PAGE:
The $1.39 billion transaction announced yesterday is the largest U.S. aerospace and defense deal unveiled this year and will expand Rockwell Collins’s aerospace business outside the cockpit by combining its avionics and cabin technologies with Arinc’s ground-based communications networks. Carlyle bought Arinc from American Airlines and other carriers in 2007.
Ortberg, 53, said he led the acquisition effort in his previous post as president of Cedar Rapids, Iowa-based Rockwell Collins before adding the CEO role Aug. 1, replacing Clay Jones, who retired. Ortberg said the purchase gives Rockwell Collins a profitable company whose air-to-ground communications system is widely used by airlines and airports globally.
“Obviously this isn’t something that we cooked up overnight,” Ortbert said in a phone interview today. “We’ve been working on this deal for months. We long viewed Arinc as an attractive portfolio.”
The aerospace equipment maker also gets a cushion against future U.S. defense cuts since about 85 percent of Arinc’s revenue is derived from commercial customers. The purchase will shift Rockwell Collins’s business mix to 54 percent commercial and 46 percent government.
Rockwell Collins’s current breakdown is 52 percent of sales from government contracts and 48 percent from the private sector, Cindy Dietz, a spokeswoman, said by e-mail. The company said it expects the transaction to close within 90 days.
“Rockwell Collins is in the front of the plane with avionics. Arinc is an extension into that part of the navigational-system world,” said Michael Derchin, a Stamford, Connecticut-based analyst at CRT Capital Group LLC whose rating of fairly valued on the stock is the equivalent of hold. “It sounds like a fit for what they do.”
Rockwell Collins fell 1.6 percent to $73.22 at 12:05 p.m. in New York. Washington-based Carlyle slid 0.7 percent to $26.86.
“Arinc will provide a serious acceleration” back toward a business tilted toward commercial sales, Robert Stallard, a Royal Bank of Canada analyst, said in a note to clients. Stallard, who rates the shares as outperform, said transaction and integration costs probably will dilute earnings per share in the company’s next fiscal year.
For Carlyle, the world’s second-largest manager of alternative assets such as private equity and real estate, the sale adds to the disposal of shares in seven companies in the second quarter. Co-CEO Bill Conway said on an Aug. 7 conference call that the firm will invest less than the $7.9 billion it did last year, reversing an earlier prediction for an increase.
Carlyle invested $257 million of equity in the 2007 Arinc acquisition, according to a fund marketing document, a copy of which was obtained by Bloomberg.
Until the sale to Carlyle, for which terms weren’t disclosed, Arinc had been owned by airlines since its founding in 1929 to handle air-to-ground communications. The Annapolis, Maryland-based company now helps more than 14,000 commercial aircraft make more than 100,000 takeoffs and landings daily, according to its website.
Arinc will have about $600 million in revenue this year, according to Rockwell Collins, which said last month that sales in its current fiscal year would be about $4.65 billion.
Ortberg is trying to expand Rockwell Collins’s reach beyond aircraft by acquiring Arinc’s computer networks, which help handle data for pilots, passengers, regulators and airports. Arinc also provides communication and information-technology services to industries outside aviation, including railroads.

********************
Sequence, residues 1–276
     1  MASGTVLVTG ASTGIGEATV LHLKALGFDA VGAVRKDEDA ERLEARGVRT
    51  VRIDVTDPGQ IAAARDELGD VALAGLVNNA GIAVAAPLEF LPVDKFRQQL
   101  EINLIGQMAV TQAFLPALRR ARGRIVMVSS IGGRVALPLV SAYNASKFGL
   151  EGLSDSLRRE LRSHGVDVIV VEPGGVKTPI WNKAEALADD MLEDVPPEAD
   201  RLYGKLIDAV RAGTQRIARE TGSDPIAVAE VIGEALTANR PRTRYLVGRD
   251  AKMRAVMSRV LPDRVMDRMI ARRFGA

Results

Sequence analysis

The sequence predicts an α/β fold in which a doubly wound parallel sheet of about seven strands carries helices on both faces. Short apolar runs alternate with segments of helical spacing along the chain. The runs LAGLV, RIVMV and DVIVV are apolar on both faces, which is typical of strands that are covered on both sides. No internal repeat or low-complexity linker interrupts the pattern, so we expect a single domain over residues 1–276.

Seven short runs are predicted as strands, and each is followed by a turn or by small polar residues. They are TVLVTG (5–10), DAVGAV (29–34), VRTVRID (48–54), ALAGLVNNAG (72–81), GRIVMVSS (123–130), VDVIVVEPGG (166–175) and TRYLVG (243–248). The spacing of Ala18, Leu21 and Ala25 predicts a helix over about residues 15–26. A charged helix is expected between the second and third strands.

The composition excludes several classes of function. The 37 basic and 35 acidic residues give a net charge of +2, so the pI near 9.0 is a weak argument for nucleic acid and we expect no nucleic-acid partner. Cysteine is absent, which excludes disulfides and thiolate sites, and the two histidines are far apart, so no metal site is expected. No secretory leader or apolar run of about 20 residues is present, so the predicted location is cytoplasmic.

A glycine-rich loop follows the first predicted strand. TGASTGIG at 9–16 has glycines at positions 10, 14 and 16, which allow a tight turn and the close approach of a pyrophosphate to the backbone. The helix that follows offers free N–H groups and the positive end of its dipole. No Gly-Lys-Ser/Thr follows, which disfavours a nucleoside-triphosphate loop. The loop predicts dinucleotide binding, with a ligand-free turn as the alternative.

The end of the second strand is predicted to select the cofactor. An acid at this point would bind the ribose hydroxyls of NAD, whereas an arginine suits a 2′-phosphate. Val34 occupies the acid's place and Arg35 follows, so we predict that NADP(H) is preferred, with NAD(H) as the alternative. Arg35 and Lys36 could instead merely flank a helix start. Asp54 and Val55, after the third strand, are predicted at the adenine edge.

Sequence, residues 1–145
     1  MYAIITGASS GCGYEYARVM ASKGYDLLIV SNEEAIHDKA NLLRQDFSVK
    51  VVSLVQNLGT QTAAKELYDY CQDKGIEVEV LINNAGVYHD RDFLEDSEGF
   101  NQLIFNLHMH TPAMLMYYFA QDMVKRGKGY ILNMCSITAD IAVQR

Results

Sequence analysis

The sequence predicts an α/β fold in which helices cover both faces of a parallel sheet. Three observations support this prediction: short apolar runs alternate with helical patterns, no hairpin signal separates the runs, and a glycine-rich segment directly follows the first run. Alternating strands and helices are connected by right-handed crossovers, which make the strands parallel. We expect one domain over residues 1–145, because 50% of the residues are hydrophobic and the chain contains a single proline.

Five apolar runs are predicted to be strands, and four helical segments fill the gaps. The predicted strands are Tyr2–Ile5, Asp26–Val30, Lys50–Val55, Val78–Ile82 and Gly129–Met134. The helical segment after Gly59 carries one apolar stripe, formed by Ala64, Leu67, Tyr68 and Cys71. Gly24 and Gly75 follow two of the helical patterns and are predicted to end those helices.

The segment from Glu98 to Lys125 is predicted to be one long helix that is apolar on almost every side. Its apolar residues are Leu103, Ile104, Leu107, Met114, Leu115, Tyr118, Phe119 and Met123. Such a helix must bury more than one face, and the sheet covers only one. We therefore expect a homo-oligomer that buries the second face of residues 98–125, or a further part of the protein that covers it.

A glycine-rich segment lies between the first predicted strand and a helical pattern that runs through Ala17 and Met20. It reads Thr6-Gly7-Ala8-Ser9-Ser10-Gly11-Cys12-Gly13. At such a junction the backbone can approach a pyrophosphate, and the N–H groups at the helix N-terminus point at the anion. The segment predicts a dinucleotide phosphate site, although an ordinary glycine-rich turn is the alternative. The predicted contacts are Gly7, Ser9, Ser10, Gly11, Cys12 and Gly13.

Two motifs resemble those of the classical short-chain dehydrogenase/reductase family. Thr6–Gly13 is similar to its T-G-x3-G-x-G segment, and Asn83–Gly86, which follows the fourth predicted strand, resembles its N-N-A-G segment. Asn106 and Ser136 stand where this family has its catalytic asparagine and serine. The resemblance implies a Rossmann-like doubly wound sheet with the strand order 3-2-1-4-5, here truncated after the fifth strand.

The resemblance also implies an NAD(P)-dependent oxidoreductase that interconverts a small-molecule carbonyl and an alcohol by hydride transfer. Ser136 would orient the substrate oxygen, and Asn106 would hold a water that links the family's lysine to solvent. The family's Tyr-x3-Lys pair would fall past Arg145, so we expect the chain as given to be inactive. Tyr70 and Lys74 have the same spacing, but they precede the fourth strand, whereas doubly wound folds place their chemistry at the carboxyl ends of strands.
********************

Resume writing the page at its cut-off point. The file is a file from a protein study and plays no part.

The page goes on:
While Rockwell Collins’s 28 percent stock-price surge this year through Aug. 9 beat the 19 percent advance for the Standard & Poor’s 500 Index, that jump only left it in the middle of the pack compared with peers. The S&P Supercomposite Aerospace & Defense Index of 28 companies rose 31 percent in 2013.
Precision Castparts Corp.’s $600 million purchase of Permaswage SAS from Bridgepoint Advisers Ltd. was the year’s previous record acquisition in aerospace and defense announced in North America, according to data compiled by Bloomberg.
Paris Air Show
Ortberg joined Rockwell Collins in 1987 and had been president since September. He had previously led the Government Systems unit and helped oversee development of equipment for the Boeing Co. 787 while running the Commercial Systems division. Jones remains with the company as nonexecutive chairman.
In a June 19 interview at the Paris Air Show, Ortberg said the company would seek to win work on cockpit avionics as Boeing upgrades the 777, the planemaker’s biggest twin-engine model. Rockwell Collins displaced Honeywell International Inc. last year as Boeing’s supplier for cockpit displays on the 737 jet. The company also provides cockpit displays, pilot control systems and flight computer systems for the 787 Dreamliner.
Citigroup Inc. acted as Rockwell Collins’s financial adviser and also provided bridge financing for the Arinc transaction, Ortberg said. Evercore Partners Inc. and JPMorgan Chase & Co. acted as co-advisers to Arinc on the deal, according to Abernathy MacGregor, a public relations firm.
With assistance from Sabrina Willmer in New York. Editors: James Callan, John Lear. To contact the reporters on this story: Thomas Black in Dallas at firstname.lastname@example.org; Julie Johnsson in Chicago at email@example.com. To contact the editor responsible for this story: Ed Dufner at firstname.lastname@example.org.
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Photo Credit: Rockwell Collins' Pro Line Fusion integrated avionics system. Rockwell Collins
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